B.P. Jain And Assoc And Another Vs. Commissioner Of Income Tax
February, 08th 2016
* IN THE HIGH COURT OF DELHI AT NEW DELHI
+ W.P.(C) 1597/1999
B.P. JAIN AND ASSOC AND ANOTHER ..... Petitioners
Through Mr V.P. Gupta, Advocate with
Mr Anunav Kumar, Advocate.
COMMISSIONER OF INCOME TAX ..... Respondent
Through Mr Dileep Shivpuri, Senior Standing
Counsel and Mr Zoheb Hossain, Junior Standing
JUSTICE VIBHU BAKHRU
Dr. S. Muralidhar, J.:
1. The controversy in the present writ petition is regarding the calculation of
the disputed income for the purposes of determination of the tax to be paid
by the Assessee in terms of the Kar Vivad Samadhan Scheme 1998 (KVSS).
2. Petitioner No. 1 Assessee was a registered partnership firm of which
Petitioner No. 2 was an erstwhile partner. Petitioner No. 1 filed its return of
income for Assessment Year (AY) 1994-95 on 30th November, 1994
disclosing nil income. The Assessing Officer (AO) completed the
assessment of the Petitioner No.1 on 18th March, 1997. The dissolution of
Petitioner No. 1 took place during the AY. On dissolution, the assets of
Petitioner No. 1 in the form of land was transferred to one of the partners at
W.P.C) 1597/1999 Page 1 of 7
the book value of Rs. 59,84,802/-. The AO noticed that the market value of
the said land was Rs. 5,68,00,000. Accordingly, the taxable income of
Petitioner No. 1 was computed by the AO at Rs. 5,08,15,200/- being the
difference in the market value and that at which the land was transferred. An
order was passed on 18th March, 1997 raising a demand of tax of Rs.
4,91,73,350. Subsequently it was rectified on 26th June, 1997 to Rs.
2,74,34,521/-. This comprised the tax payable on the income of Rs.
4,58,70,994/- on account of long term capital gains. The rate of tax on
capital gains was 33.6%. The tax payable worked out to Rs. 1,54,12,652/-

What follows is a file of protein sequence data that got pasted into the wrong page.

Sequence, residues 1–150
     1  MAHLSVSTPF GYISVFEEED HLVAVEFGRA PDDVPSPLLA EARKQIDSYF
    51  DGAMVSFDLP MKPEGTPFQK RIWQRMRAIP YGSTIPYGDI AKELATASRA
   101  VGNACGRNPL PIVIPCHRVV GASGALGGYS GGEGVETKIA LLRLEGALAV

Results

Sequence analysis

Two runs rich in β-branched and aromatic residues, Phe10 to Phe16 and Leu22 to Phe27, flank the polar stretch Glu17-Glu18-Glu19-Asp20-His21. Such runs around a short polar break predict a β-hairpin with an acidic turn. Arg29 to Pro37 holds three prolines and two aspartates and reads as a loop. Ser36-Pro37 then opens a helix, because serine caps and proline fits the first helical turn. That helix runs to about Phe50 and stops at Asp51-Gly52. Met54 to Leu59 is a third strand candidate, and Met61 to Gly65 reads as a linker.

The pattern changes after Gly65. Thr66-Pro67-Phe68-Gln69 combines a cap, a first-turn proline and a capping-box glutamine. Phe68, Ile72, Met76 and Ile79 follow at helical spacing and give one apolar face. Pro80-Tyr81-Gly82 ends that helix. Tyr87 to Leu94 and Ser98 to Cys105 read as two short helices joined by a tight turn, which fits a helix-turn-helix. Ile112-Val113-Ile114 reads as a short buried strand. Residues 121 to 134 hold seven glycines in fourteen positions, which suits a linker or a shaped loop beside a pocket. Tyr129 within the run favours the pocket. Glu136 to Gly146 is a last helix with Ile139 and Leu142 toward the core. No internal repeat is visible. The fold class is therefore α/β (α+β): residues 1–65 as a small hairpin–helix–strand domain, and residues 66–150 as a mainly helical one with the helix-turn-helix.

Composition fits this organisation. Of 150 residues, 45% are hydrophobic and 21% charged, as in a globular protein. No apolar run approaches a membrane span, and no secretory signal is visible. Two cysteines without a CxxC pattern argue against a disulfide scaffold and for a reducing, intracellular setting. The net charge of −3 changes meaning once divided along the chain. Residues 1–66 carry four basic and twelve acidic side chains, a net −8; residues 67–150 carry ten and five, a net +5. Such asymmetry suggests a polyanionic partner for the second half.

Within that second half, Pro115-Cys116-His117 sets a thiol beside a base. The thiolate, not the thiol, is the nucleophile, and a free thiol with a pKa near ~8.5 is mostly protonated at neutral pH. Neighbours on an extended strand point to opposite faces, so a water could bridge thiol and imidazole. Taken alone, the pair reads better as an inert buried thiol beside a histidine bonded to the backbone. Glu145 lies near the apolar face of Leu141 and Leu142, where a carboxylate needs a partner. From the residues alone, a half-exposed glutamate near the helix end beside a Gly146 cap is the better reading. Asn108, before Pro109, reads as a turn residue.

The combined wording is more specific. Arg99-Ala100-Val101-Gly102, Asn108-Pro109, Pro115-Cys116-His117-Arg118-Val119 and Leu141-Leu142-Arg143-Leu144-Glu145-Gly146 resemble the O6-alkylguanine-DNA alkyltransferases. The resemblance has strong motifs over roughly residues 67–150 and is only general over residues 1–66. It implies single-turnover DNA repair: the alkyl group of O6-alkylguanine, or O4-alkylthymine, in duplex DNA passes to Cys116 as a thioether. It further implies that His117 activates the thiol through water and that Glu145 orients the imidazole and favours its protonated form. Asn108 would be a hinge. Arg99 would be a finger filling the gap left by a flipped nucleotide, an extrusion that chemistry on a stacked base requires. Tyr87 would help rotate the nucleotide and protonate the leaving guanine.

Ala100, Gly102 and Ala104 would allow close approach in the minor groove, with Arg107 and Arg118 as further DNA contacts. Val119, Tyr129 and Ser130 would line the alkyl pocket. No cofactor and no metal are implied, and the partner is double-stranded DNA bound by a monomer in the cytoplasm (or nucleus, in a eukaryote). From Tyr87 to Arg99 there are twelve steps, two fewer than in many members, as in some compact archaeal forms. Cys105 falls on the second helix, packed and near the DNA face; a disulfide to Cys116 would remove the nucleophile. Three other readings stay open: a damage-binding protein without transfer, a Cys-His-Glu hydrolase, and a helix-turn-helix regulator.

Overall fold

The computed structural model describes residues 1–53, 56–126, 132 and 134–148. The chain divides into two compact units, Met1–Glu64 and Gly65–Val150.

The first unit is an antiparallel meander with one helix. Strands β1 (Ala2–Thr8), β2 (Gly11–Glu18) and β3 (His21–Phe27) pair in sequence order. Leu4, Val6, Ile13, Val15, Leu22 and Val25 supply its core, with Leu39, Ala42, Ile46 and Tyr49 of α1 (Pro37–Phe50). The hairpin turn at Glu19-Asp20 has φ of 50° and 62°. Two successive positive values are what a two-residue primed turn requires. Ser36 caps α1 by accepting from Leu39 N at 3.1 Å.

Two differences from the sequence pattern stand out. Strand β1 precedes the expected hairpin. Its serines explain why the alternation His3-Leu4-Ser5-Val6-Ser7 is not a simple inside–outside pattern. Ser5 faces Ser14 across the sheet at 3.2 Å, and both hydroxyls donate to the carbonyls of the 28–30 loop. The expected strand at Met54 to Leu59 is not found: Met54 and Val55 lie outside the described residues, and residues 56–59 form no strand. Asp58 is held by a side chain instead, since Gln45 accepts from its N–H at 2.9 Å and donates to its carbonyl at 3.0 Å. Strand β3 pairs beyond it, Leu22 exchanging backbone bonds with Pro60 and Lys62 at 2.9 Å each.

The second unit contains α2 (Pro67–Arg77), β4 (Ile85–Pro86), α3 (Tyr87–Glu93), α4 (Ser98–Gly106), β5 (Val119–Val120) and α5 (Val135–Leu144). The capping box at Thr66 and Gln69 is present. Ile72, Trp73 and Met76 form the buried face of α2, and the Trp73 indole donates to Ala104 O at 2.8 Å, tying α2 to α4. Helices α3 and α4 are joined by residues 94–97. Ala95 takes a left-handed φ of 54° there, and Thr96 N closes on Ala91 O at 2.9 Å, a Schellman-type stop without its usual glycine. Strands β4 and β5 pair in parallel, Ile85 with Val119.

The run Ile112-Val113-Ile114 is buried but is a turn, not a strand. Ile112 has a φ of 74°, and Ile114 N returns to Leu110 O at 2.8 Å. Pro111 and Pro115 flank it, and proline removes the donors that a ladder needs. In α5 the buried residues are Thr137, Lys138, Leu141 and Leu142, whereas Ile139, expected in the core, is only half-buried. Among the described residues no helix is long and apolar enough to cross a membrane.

and the interest chargeable under Sections 234A and 234B of the Act
worked out to Rs. 1,20,21,869/-. It is stated that Petitioner No. 1 made an
aggregate payment of Rs. 72,54,260/- in the year 1998 towards the
aforementioned tax demand.
3. The Petitioners decided to avail the KVSS which was introduced for the
purposes of quick and easy settlement of tax dues. Under Section 87 (e) and
(f) of the Finance Act, 1998, the terms `disputed income' and `disputed tax'
were defined as under:
"87.(e) `disputed income', in relation to an assessment year
means the whole or so much of the total income as is
relatable to the disputed tax"
87 (f) 'disputed tax' means the total tax determined and
payable, in respect of an assessment year under any direct
tax enactment but which remains unpaid as on the date of
making the declaration under Section 88."
4. Section 88 of the Finance Act 1998 provided that the rate of tax payable
by a firm would be 35% of the disputed income notwithstanding anything
W.P.C) 1597/1999 Page 2 of 7
contained in any direct tax enactment. Under Section 96 (1) of the Finance
Act, 1998, the Central Government had the powers to issue directions,
instructions and directions to the authorities for the proper administration of
the KVSS. Under Section 96 (2) the Central Government was empowered to
issue general special orders or instructions as to the principles or procedures
to be followed by authorities in the work relating to the KVSS.
5. It is stated that pursuant thereto the Ministry of Finance, Government of
India, issued circulars by way of clarifying the KVSS 1998 in the form of
questions and answers. Question No. 18 of the instructions dated 7th
October, 1998 provided the basis of calculating disputed income. Question
No. 18 and the answer thereto read as under:
"Question No.18: Section 90(1) of the Scheme refers to the
sum payable that may be determined by the designated
authority. How is the sum payable to be worked out?
Answer: The sum payable is to be determined with
reference to disputed income as defined in Section 87(e) to
mean the whole or so much of the total income as is
relatable to the disputed tax. The term, "disputed income"
as used in the Scheme does not refer to the income in
dispute by way of appeal, etc., but it refers to the income
which is relatable to the disputed tax. The term "disputed
tax" has been defined to mean the tax determined and
payable but remaining unpaid on the date of declaration.
The designated authority will work out the disputed
income relatable to disputed tax by applying the marginal
rate applicable for the relevant assessment year for that
assessee and thereafter determine the sum payable in
accordance with Section 88 of the Scheme."
W.P.C) 1597/1999 Page 3 of 7
6. A further clarification was issued on 6th November, 1998 by the Ministry
of Finance. Petitioner No.1 through Petitioner No.2 filed a declaration under
the KVSS Scheme with the designated authority on 24 th December, 1998.
The Petitioner computed the tax payable in terms of the KVSS as Rs.
63,73,743/-, calculated at 35% of the disputed income. The said calculation